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January 11, 2018

The horse taming the dragon - really?

Emmanuel Macron's visit in China has ended, and his charm, skills, and determination, earned him recognition as a serious diplomatic leader on the world scene. Macron brought an eight-year old horse from the French cavalry as a gift to president Xi. He stayed silent on human rights issues, at least in public. He ended the visit with 50 signed commercial contracts and lots of pictures of a symbolic visit.

Macron stepped into the leadership vacuum on the world diplomatic stage and earned the trust of the Chinese as a serious intermediary. But can he deliver - can the "horse tame the dragon", which is how the name Macron translates into Chinese. As this article points out, a horse may be a terrible gift. 

But the more serious issue is how Macron can deliver a European position if the EU itself is divided, not only over trade with China but also over investments from China. China has one leader and a strategy, while Europe has neither a single leader nor a strategy, notes Thomas Hanke in Handelsblatt. There is no European strategy to preserve technological advances nor to cooperate with China. Macron's visit might be symbolic, but we do not see it having a bigger impact.

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January 11, 2018

Budget contributions for market access?

There is a story in the The Times this morning, according to which the EU might consider granting UK financial services companies market access to EU market in exchange for British contributions to the EU budget. The proposal has superficial charm, and it might help the EU plug painful financial gaps that come as a result of Brexit. But the problem with this type of proposal is that it will land the UK with a dirty version of the Norway option - with fewer rights and remedies than those enjoyed by EEA members, and probably very similar levels of budget contributions. Once the details of any such deal become known, people in the UK will be asking themselves whether full EEA membership might not be a preferable option.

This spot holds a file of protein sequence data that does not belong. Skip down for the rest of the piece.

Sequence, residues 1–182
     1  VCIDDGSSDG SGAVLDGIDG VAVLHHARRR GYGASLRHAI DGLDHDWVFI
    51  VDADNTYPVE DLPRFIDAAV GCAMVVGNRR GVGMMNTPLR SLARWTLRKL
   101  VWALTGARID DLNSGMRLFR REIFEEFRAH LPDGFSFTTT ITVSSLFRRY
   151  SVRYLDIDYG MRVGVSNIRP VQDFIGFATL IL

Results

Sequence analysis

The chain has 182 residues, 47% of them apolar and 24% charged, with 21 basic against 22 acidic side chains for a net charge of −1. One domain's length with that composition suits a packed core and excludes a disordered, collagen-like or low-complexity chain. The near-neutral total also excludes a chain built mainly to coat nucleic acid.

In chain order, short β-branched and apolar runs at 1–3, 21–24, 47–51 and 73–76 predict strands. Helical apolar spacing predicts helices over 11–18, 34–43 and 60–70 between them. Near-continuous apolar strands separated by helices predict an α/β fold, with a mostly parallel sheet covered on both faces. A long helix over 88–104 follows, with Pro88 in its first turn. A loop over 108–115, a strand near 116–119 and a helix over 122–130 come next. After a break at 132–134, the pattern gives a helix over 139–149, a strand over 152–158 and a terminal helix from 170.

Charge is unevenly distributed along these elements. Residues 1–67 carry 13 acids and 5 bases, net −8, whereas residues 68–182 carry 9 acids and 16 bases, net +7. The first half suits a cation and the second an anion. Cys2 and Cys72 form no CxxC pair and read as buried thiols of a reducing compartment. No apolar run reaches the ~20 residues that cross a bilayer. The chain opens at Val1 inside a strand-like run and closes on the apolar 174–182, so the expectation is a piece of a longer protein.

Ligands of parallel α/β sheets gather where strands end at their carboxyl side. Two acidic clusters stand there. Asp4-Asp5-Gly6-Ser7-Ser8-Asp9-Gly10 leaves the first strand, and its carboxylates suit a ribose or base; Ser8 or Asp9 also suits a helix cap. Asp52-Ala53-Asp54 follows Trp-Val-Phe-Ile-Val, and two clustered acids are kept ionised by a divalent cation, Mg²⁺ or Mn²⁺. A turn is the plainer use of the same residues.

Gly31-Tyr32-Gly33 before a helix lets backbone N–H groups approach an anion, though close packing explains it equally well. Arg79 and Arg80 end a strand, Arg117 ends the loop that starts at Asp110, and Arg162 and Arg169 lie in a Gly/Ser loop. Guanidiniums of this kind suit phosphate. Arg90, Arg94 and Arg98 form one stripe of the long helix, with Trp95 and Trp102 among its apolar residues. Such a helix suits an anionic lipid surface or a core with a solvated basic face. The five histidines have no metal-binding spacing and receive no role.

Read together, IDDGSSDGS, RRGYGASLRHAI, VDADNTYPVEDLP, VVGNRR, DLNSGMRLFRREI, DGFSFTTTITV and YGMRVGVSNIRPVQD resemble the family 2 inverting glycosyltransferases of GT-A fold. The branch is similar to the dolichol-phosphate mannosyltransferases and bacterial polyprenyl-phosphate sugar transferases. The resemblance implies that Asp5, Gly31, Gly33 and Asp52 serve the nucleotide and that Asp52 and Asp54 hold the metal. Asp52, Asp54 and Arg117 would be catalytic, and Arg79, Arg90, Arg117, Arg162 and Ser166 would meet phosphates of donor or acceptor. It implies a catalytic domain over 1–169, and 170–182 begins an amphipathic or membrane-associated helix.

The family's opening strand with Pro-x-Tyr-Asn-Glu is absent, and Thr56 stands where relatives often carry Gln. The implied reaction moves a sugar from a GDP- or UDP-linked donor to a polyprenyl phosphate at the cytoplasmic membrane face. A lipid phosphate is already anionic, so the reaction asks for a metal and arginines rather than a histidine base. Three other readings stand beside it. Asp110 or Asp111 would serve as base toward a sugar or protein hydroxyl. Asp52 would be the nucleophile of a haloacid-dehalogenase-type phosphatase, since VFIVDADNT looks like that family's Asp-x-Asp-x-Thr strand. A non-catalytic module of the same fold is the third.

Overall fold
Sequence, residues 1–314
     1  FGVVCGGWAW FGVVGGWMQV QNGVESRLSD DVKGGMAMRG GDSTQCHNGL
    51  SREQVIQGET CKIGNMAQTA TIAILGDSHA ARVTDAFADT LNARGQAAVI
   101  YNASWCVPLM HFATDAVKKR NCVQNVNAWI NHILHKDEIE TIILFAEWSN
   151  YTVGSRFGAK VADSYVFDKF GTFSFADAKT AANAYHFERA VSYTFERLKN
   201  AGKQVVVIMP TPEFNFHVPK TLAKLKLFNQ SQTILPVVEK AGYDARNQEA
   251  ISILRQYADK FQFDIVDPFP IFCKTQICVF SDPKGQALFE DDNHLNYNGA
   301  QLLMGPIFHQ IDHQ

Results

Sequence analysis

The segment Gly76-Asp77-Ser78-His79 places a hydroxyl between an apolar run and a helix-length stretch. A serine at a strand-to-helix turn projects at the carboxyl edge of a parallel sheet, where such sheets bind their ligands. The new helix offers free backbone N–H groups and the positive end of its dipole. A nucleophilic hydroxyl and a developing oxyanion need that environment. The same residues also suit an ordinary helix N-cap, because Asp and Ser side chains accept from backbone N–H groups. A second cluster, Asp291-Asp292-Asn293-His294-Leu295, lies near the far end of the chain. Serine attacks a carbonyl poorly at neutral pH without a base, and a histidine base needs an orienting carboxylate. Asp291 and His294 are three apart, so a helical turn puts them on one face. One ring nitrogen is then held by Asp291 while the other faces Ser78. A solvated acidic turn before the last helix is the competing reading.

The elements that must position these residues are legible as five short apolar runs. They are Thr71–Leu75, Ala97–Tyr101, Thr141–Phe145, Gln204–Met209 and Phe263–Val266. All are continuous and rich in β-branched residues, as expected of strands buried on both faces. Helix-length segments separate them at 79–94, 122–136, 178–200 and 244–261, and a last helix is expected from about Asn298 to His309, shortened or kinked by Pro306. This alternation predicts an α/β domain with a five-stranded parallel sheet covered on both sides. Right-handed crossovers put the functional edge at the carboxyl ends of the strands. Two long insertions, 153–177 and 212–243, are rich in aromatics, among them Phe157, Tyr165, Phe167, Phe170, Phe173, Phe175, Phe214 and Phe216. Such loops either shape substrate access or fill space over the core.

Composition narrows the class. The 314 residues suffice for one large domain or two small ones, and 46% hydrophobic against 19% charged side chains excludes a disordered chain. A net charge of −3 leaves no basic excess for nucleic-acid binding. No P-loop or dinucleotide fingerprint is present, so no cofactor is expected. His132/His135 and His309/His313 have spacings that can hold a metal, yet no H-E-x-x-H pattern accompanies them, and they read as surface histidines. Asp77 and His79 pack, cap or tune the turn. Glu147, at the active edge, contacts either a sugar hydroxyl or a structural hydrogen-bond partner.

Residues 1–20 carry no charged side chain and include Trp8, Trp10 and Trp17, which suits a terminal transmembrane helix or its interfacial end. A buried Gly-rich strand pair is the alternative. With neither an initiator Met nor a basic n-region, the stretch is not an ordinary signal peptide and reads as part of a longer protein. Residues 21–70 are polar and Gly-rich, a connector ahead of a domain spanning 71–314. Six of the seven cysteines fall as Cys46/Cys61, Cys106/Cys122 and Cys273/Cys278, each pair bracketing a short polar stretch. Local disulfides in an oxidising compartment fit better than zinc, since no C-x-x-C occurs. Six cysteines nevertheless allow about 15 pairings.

The suggested solution would enable the UK to segment the service sector agreements into three categories - total alignment with EU rules, partial alignment, and regulatory divergence. It is far from clear that EU member states would accept this. Angela Merkel is known to oppose what the Germans fear would constitute a form of cherry-picking - where the UK chooses which sectors comply with EU rules and which don't. France is also opposed to this, probably more so than Germany, because Paris is already actively campaigning to attract financial companies away from London. Michel Barnier is also reiterating that the only two deals that are available are the Canada deal and the EEA - with no space in between. 

As the Times article pointed out, Theresa May said it was thinkable that the UK would make contributions to the EU budget for joint projects, but not vast payments. Even if the EU were to agree to the principle of selective service sector agreements in exchange for cash contributions, it could extract a price that the UK might find unacceptably high.

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